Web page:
5. The building of a hero
One of the strengths of Arrow is how Oliver Queen forms as a hero closely linked with those around him, be it family, mentors, friends, or villains. Arrow uses the island Oliver was stranded on as a metaphor for having faced your inner demons and come out the other side, but also follows the proverb “no one is an island” in the development of its lead superhero, the importance and influence others have on us, and the reasons to reach out. Oliver is a boy when he gets on the ill-fated yacht, The Queen’s Gambit. Once he returns to Starling City, a scarred, skilled warrior, he has still barely even begun his journey. He evolves over course of the two seasons we’ve had so far, personally and in his idea of the kind of hero he wants to be.
Rather than starting with an established figure who is the moral compass for everyone else around him to look up to, Oliver learns from those around him and needs his compass points to look to (points which often point him in conflicting directions). He makes mistakes and gets called out on it. He both inspires others and is inspired by them. Many characters help construct the Arrow, while Arrow helps construct other heroes. The modern era of comic book superhero storytelling has involved a lot of deconstruction, which can be compelling, but it also can become mired in a default of despair and isolation. What’s refreshing about Arrow is that as it shows us in detail the gradual construction of a legend, examining his vulnerabilities and fears and flaws, it’s a hopeful story. There is progression, not grittiness and darkness for the sake of darkness. In deconstructing an icon DC Comics character, Arrow gives us a whole person.
Without the characters and compelling stories, all the great fight scenes in the world wouldn’t be enough to make a show work, but the way the action sequences are used on Arrow is a force unto itself and adds to fleshing out the world of the characters and who they are. Stunt coordinator James Bamford and his team are extraordinary, and many of the fight scenes are actually breathtaking. Also kudos to Stephen Amell and the rigorous training he does to play Oliver Queen. There’s a whole blog devoted to the work of James Bamford and his team, BamBam Fans.
Along with stunts, the show’s writing team knows how to juggle a large cast of characters and multiple storylines and relationships. The pacing of the storylines and of the action is also a huge asset. There are very few scenes that feel unnecessary or that don’t keep the story momentum going and there’s very little of what feels like “filler” because the producers have to come up with 23 episodes a season. More happens in fifteen minutes of Arrow than some other shows have in an entire episode, and there are many episodes that pull out all the stops with enough power to be a epic finale–and it’s not even the season finale yet.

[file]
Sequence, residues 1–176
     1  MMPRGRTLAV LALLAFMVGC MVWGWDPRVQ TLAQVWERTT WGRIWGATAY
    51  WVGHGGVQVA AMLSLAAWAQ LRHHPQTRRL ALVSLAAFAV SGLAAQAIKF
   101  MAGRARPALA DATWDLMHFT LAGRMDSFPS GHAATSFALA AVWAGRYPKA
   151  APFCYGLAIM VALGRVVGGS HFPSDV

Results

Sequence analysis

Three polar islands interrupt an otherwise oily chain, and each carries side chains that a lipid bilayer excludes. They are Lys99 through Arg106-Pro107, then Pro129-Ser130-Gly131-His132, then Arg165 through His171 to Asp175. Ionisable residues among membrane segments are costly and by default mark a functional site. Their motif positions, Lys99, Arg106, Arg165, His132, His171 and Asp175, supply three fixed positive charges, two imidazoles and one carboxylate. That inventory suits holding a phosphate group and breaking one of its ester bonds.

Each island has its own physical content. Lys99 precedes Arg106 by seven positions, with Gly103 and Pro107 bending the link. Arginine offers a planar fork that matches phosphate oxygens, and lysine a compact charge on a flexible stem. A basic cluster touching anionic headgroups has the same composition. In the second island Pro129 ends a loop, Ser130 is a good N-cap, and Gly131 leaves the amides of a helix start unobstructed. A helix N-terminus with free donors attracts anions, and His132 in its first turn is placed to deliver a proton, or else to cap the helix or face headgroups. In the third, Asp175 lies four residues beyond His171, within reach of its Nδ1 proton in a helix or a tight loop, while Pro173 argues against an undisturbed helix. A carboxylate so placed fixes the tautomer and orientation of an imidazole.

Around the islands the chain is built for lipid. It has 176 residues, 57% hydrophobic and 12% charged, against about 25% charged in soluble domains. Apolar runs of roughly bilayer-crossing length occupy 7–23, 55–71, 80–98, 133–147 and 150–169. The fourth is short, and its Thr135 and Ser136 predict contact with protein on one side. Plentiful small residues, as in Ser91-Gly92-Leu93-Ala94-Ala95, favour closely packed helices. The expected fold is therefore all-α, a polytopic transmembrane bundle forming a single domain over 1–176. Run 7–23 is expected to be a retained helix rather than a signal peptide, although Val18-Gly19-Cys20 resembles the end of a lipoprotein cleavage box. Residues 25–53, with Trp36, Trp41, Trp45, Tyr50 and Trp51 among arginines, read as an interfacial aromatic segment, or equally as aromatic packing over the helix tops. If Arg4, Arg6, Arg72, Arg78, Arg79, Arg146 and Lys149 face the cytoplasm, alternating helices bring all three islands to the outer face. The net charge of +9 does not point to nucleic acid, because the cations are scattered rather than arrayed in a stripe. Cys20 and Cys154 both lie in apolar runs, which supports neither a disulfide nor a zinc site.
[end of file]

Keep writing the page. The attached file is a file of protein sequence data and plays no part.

8. Character arcs
Oliver Queen is not the only character going on a journey and whose psyche gets explored. Considering the size of the cast, it’s impressive that as many character get so much development–moments that give us insight into who they are, what makes them tick, what they want, what they’re afraid of, what they care about. Some arcs have been weaker than others, but for the most part the characters are satisfyingly developed. There are journeys for those who are masked heroes and villains, and for those who don’t wear a mask, but are fighting their own valiant struggles and part of the hero landscape.
9. Shirtless sparring
The show is fond of showing Oliver Queen shirtless and upside-down. There’s even been Oliver Queen shirtless, upside-down, chained up, and soaking wet. Diggle and Ollie frequently spar in the Arrow cave, which is great for both the eye-candy and for team-building. Felicity gets sparring lessons too. There’s also a lot of bandaging of wounds. At the start of the series Ollie patches himself up. As time goes on, there are others there to tend to him when he’s hurt, and he tends to others. Medical supplies are definitely one of the most important tools any superhero cave needs. What’s so great about all this (aside from the above-mentioned eye-candy and the depiction of some canon comfort to go with all the hurt) is the depiction of above-mentioned team-building. Arrow actually takes the time not only to show our heroes working effectively together, but allows us to see the in-between time, what happens before and after the missions, how they react emotionally to a frightening job, and how they support each other.
10. Visual style
The staging of fight scenes, the color saturation and lightning, the way many shots are framed, will be familiar to fans of superhero comics. Many visuals on Arrow evoke the feel and design of comic book panels. Whether you’ve read comics or not, it’s a very pretty show.
*caps from www.screencapped.net or are promotional images
Author: Dot R
Dot has been bouncing around various fandoms for many years now writing essays, episode reviews, commentary, and reporting news and conducting interviews, among other things. Along with being a Marvel, DC, Star Wars, and Supernatural fangirl, she’s also a fan of fantasy and science fiction television shows, everything from Farscape to Killjoys to 12 Monkeys to X-Files to Wynonna Earp. Currently Fangirl at Large covering numerous geek culture related topics, convention news, casting spoilers, show news, and interviews.